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05/12/2016

Italy looks at Mediterranean for alternatives to Russian gas

Med & South

Italy looks at Mediterranean for alternatives to Russian gas

Current gas links from Tunisia to Italy. [Gas Storage Europe]

Italy could increase gas imports from Algeria, Libya and the Netherlands to counter any disruption of supplies from Russia, Deputy Industry Minister Claudio De Vincenti said on Monday as G7 energy ministers gathered in Rome.

“We are capable of rapidly increasing imports from the supplier countries … Libya, Algeria and the Netherlands,” De Vincenti told Reuters.

His comments came on the day G7 energy representatives began a two-day meeting to discuss energy policy after a weekend of violence killed dozens in Ukraine, a major transit route for Russian gas into the EU.

Italy, which generates more than 40% of its electricity from gas, is increasingly dependent on Russian gas as Algerian imports decline and Libyan supplies are limited by growing unrest in the country.

Russian President Vladimir Putin has warned Russia could cut off supplies to Ukraine unless it starts to pay off a gas debt, which Gazprom says stands at $3.5 billion (€2.5 billion).

Rome is placing increasing importance on completing the Trans Adriatic Pipeline (TAP) to bring Azeri gas to Italy, but is also supporting the South Stream project, which will transport Russian gas bypassing Ukraine.

“South Stream remains crucial. We still believe the pipe’s arriving in Italy could be advantageous compared to an Austrian endpoint,” De Vincenti said.

Austria’s OMV agreed last week with the Russian energy giant that South Stream would be routed to the Baumgarten gas hub in Austria, outmanoeuvering Italy, which had wanted it to end in the northeastern Italian town of Tarvisio [read more].

The Rome government wants to turn Italy into a southern European gas hub able to transit African supplies into Europe as it develops reverse flow capabilities at its northern borders.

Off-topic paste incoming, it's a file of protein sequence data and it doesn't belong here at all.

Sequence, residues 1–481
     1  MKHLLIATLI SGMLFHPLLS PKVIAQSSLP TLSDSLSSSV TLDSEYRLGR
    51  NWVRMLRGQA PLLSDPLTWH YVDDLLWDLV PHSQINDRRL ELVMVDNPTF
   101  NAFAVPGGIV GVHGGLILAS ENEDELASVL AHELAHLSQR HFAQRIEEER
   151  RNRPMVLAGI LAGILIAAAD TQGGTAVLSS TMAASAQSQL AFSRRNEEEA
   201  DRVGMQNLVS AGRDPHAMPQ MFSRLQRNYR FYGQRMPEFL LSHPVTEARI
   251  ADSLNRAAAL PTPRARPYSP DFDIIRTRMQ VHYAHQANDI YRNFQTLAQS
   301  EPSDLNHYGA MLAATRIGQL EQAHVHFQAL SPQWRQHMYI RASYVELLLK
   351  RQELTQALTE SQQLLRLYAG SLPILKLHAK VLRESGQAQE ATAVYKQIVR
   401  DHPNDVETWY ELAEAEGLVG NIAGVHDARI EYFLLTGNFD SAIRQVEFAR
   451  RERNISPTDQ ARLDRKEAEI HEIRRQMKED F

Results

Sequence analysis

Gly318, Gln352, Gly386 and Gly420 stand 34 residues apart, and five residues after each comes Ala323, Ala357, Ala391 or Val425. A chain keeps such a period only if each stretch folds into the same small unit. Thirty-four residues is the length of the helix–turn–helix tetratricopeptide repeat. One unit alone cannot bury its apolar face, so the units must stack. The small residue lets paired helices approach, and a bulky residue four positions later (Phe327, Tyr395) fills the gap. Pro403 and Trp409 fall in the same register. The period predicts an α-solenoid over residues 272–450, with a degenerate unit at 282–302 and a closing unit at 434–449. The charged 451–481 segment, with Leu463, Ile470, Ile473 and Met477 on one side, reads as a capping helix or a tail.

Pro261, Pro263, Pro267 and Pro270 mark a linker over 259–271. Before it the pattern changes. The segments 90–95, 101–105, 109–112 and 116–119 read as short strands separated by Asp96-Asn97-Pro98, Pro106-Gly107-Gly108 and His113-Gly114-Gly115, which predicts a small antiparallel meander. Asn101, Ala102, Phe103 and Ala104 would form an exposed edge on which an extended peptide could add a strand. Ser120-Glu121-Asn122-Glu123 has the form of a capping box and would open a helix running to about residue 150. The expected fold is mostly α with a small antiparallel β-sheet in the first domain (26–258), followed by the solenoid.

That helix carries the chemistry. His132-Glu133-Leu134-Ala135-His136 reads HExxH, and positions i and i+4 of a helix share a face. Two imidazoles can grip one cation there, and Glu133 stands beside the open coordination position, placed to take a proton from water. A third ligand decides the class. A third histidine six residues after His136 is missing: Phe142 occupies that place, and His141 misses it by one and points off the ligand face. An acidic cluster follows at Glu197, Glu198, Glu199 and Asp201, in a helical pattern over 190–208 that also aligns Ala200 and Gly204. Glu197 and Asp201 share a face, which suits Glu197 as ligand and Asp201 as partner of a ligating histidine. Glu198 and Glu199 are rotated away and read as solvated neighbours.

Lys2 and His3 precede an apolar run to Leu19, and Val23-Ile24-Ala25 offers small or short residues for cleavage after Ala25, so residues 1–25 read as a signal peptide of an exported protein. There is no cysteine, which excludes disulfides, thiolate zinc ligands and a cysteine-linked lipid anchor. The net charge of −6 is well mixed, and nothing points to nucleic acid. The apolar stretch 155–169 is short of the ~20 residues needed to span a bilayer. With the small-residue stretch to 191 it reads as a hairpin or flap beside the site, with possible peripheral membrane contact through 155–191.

Discoveries

But De Vincenti said Italy was also looking at developing a gas link with the East Mediterranean, where recent gas discoveries off the coasts of Israel, Cyprus and Malta have raised hopes of fresh supplies for Europe.

“It could certainly be a possibility in the future … we’ll have to see in what form, whether pipeline or liquefied natural gas (LNG),” he said.

The ITGI – Interconnector Turkey-Greece-Italy – pipeline, developed by EDF’s Italian unit Edison, might be a candidate for the role, he said.

“The pipeline already has all the permits”.

A source close to the matter told Reuters on Monday contacts had been made between the developers of TAP and ITGI to discuss possible cooperation.

De Vincenti said Italy had 3 LNG terminals that were currently under-utilised, but which could be cranked up if needed.

“There are also at least three other terminals we aim to get operating in the next few years,” he said.

G7 energy ministers will continue talks on Tuesday with a closed-door meeting to hammer out a proposal on energy security to be addressed to the G7 summit in Brussels in June.

“We are going to discuss a full range of problems relating to energy, energy security and also the transition to new forms of energy,” said French Environment minister Ségolène Royal.

Tuesday’s talks, which will also involve European Energy Commissioner Günther Oettinger, will address new strategies for diversifying energy supply sources as the debate over weaning Europe off Russian gas gathers pace.

European Union officials sat down in Brussels yesterday (5 May) to confront the hard choices to be made for the EU, which takes a third of its gas imports from Russia, almost half of that passing through Ukraine. 

Background

Russia’s gas export monopoly Gazprom sells its gas to EU clients under secretive bilateral deals. The EU wants to move on to a more coherent EU energy policy. Recently Energy Commissioner Günther Oettinger said that the EU wants a uniform price for Russian gas for all its member states {read more].

The EU has made progress in improving its energy security since gas crises in 2006 and 2009, when rows over unpaid bills between Kiev and Moscow led to the disruption of gas exports to western Europe. But so far, EU reliance on imported oil and gas, especially from Russia, has been rising, not falling.

A EU summit on 26-27 June will return to the matter, also in the light of the unfolding Ukraine crisis.